Several factors can impact a student’s ability to follow instructions. Recommendations to increase the probability of learners following instructions are available within the literature ( Table 1 ). While these modalities may not guarantee success, these recommendations should increase the probability that most students will follow instructions. Although we cannot extrapolate from current literature whether one mode of instruction delivery is preferred over another, we can apply some of these findings to pharmacy students in a learning environment where instructions are used to guide the completion of deliverables. The first thing the instructor can do is provide both written and verbal instructions. These instructions should be concise, written in student-friendly language, and given in order of operation (ie, step A then step B). Students can read (and reread the written instructions), which should minimize errors resulting from not paying attention or insufficient working memory. Although distracted when verbal instructions were given, a student can review written instructions in a self-paced manner, thus reducing cognitive load and increasing the probability of remembering them. The instructor could then employ metacognitive monitoring and assess the student’s understanding of the instructions by including a checklist within the assignment, ie, a strategy to help Craig monitor his learning and check his work (much like journals have checklists for authors). Finally, the instructor should penalize students for not following the instructions thereby using the social context to reinforce their need to follow instructions. Amber benefits by learning there are consequences for not following instructions. For Dennis and Craig, the threat of punishment in the form of lost points may motivate them to review the instructions to ensure they have done their work correctly, a process which can improve their attention (Dennis) and metacognitive monitoring (Craig).
Common Errors in Following Instructions and Recommendations to Enhance the Probability of Instruction Following
How to add instructions to your experiment/task
Step 1: plan, step 2: decide, step 3: draw, step 4: export, step 5: upload on psytoolkit, step 6: add code, method 1: pager, method 2: message, the message with text., just show a text in blocks.
Before your participants can do a task, you need to give them instructions. Typically, you would this as follows:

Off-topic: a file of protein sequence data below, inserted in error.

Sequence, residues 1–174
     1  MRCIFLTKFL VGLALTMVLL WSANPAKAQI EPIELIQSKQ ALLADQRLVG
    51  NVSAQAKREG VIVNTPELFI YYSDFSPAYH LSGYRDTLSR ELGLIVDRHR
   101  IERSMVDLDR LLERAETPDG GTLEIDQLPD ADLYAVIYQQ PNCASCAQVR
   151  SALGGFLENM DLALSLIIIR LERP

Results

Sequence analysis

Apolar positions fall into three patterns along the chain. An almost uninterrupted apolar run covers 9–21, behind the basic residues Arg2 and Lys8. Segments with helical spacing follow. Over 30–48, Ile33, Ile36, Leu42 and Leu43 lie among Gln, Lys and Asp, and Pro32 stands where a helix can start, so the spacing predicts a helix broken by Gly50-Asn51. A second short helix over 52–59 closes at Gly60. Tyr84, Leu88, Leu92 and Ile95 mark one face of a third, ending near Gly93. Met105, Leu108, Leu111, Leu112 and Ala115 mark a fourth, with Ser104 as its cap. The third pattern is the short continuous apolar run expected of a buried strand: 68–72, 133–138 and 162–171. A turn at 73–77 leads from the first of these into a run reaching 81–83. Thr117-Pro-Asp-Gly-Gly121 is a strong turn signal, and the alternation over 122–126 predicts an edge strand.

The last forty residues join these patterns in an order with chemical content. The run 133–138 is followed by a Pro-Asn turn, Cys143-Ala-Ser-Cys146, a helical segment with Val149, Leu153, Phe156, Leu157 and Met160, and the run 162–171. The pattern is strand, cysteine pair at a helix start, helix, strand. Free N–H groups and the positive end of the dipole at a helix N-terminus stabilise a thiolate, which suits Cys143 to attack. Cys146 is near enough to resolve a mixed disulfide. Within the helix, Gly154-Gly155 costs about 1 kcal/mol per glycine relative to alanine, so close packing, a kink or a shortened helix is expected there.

First think about what it that participants need to understand. Take some paper, and write on each page what you want participants to read about the task.
Take the following two tips into account:
You can do instructions purely as text or with images. As text is quicker and easier, but with images, the instructions often look better.
If you want to just texts, goto Text only instructions . first.
Now you need to use drawing software to make you images. You can choose quite different software, here are some examples with difficulty level of learning.
Easy: LibreOffice Draw
Whatever your software you used for making your instruction drawing(s), you need to make sure to save your drawing in one of the common bitmap formats, such as PNG, JPG, or BMP.
Now upload the new drawing files to your PsyToolkit account. Go to your experiment and click "Upload image or sound files" under text box where you have your experiment code. You can select one or more files.
In your bitmaps section, make sure you have added your instruction stimuli.
Imagine you have two images, called instruction1.png and instruction2.png . If that is the case, and if you have uploaded those (previous step), then you would add this to your code first:
Now PsyToolkit knows which images are needed in your code.
Step 7: Add more code
Now add the instructions to your block. There are different ways to do it, choose what is easiest
The pager method is nice when you have relatively complex instructions through which participants can go backward and forward. People can use the up and down keys on the keyboard to go forward and backward, use the space bar to go forward. They need to use the q button to "quit". This way, they cannot unwillingly easily exit the instructions (it takes extra effort to press q).
The message method is nice when you have relatively simple instructions which only need to be read once.
Text only instructions in blocks
It is possible to just use texts. There are the following examples in blocks.
The message with text shows one line of text and then waits for a key press. You can say which key or space by default.
You can show texts at different screen X/Y positions. This does show the text and does not wait for a key press.
- Original Article
- Published: 30 January 2020
Power of instructions for task implementation: superiority of explicitly instructed over inferred rules
- Maayan Pereg ORCID: orcid.org/0000-0003-2366-4953 1 &
- Nachshon Meiran 1
Psychological Research volume 85 , pages 1047–1065 ( 2021 ) Cite this article
“Power of instructions” originally referred to automatic response activation associated with instructed rules, but previous examination of the power of instructed rules in actual task implementation has been limited. Typical tasks involve both explicit aspects (e.g., instructed stimulus–response mapping rules) and implied, yet easily inferred aspects (e.g., be ready, attend to error beeps) and it is unknown if inferred aspects also become readily executable like their explicitly instructed counterparts. In each mini-block of our paradigm we introduced a novel two-choice task. In the instructions phase, one stimulus was explicitly mapped to a response; whereas the other stimulus’ response mapping had to be inferred. Results show that, in most cases, explicitly instructed rules were implemented more efficiently than inferred rules, but this advantage was observed only in the first trial following instructions (though not in the first implementation of the rules), which suggests that the entire task set was implemented in the first trial. Theoretical implications are discussed.